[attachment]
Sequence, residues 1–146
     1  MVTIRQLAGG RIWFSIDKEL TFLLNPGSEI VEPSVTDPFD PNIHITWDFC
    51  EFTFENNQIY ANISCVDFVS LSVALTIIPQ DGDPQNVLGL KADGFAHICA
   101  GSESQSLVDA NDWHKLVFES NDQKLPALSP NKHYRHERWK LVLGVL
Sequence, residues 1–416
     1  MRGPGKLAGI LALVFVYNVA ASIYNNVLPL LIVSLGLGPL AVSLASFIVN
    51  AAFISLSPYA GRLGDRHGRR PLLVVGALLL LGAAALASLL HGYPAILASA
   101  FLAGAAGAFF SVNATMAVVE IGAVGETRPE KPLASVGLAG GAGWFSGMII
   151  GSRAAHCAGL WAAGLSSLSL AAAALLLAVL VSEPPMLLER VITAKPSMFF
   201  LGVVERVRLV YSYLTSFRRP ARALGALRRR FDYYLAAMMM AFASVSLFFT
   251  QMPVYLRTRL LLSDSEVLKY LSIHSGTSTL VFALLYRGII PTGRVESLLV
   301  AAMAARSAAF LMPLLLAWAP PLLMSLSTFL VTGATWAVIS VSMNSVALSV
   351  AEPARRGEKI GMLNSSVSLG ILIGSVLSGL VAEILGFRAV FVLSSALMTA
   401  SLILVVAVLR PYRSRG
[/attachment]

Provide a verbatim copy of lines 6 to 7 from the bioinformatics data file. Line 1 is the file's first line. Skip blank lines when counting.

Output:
     1  MRGPGKLAGI LALVFVYNVA ASIYNNVLPL LIVSLGLGPL AVSLASFIVN
    51  AAFISLSPYA GRLGDRHGRR PLLVVGALLL LGAAALASLL HGYPAILASA